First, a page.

In historical terms, singling out certain men as exceedingly ornamental is a fairly recent phenomenon. Until the late 18th century, everyone who could afford them—male or female—wore vivid silks and velvets, lace, embroidery, fur, ribbons, and cosmetics. Muffs, earrings, silk stockings, wigs, and high-heeled shoes were unisex garments. Luxurious, eye-catching clothes were not considered indicators of masculinity or femininity, but signs of wealth and taste.

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They still are. Though the French Revolution made sartorial displays of wealth politically incorrect, it was a blip rather than a turning point. From the rubble of the Bastille rose the dandy, less flamboyant than his ancien régime ancestors but equally fastidious. “As others dress to live, he lives to dress,” Thomas Carlyle quipped.

For most of human history, new clothing has been extraordinarily expensive; to change clothes was to change class. Gatsby (né James Gatz) and Liberace used clothes to proclaim that they’d arrived; if they proclaimed it a little too loudly, only a snob would notice. Gatsby and Liberace were not true dandies—their clothes (like Gatsby’s parties) were a means to an end, rather than the end itself. But they were masters of the art of masculine self-presentation.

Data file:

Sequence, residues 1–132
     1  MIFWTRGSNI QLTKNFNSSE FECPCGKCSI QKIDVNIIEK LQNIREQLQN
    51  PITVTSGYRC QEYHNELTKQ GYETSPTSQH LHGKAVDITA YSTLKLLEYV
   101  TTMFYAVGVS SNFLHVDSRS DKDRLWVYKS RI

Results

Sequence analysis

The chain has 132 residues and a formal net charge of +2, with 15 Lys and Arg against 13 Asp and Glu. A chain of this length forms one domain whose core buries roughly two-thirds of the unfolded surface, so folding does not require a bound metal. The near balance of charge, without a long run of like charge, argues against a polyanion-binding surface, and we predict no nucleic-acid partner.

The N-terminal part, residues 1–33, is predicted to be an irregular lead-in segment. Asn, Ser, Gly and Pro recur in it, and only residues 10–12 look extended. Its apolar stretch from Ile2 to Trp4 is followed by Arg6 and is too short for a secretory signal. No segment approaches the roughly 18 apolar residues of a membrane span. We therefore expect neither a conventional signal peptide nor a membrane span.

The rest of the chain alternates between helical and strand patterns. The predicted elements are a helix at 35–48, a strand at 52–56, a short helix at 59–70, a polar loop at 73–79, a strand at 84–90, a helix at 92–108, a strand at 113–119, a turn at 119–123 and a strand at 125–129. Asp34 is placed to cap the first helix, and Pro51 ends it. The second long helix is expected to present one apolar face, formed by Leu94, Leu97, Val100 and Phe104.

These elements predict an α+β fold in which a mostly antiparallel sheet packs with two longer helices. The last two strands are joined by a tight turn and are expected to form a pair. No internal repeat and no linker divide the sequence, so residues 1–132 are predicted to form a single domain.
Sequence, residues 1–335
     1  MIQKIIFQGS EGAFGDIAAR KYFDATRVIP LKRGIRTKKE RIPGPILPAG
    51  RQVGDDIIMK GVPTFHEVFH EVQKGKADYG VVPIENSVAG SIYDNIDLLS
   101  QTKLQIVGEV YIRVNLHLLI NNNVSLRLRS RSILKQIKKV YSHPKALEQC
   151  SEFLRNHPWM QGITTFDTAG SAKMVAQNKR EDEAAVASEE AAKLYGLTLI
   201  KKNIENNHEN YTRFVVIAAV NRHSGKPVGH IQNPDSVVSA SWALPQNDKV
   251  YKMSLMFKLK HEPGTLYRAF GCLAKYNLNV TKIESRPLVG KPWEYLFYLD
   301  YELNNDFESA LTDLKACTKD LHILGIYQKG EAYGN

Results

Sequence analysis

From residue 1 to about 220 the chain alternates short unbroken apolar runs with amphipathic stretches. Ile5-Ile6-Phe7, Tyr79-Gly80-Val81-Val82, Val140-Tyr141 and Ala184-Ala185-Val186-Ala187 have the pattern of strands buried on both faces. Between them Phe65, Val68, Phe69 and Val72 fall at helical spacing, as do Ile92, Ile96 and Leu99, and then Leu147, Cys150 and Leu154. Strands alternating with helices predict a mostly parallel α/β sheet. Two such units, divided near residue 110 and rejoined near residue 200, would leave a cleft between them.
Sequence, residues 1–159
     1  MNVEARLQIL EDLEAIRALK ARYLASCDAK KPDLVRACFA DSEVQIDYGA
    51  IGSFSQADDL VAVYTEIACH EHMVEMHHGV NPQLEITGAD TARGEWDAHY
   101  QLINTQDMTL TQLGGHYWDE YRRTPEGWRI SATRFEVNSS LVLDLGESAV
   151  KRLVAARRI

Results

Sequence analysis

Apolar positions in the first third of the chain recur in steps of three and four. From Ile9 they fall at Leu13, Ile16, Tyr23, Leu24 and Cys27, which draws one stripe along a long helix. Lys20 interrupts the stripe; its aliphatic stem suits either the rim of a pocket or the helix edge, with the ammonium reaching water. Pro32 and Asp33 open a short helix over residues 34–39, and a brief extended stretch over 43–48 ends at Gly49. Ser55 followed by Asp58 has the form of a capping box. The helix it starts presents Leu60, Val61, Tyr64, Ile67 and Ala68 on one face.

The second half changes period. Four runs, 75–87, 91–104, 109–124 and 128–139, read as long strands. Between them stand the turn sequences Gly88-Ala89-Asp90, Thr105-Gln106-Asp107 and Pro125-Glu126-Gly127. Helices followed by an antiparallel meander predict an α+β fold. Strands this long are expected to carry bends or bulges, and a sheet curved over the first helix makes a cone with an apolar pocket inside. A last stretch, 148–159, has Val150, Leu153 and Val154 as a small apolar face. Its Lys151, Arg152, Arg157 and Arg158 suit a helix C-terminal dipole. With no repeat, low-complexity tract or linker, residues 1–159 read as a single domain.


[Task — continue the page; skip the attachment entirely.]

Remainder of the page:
Liberace, born Wladziu Valentino Liberace, was the quintessential immigrant made good. The third of four children of an Italian father and Polish mother, he grew up in Depression-era Milwaukee. As a child piano prodigy, he performed in his brother’s hand-me-downs. When he moved to New York to break into showbiz in the 1940s, Connie Furr Soloman and Jan Jewell reveal in Liberace Extravaganza!, the struggling young musician saved up ketchup packets to make soup.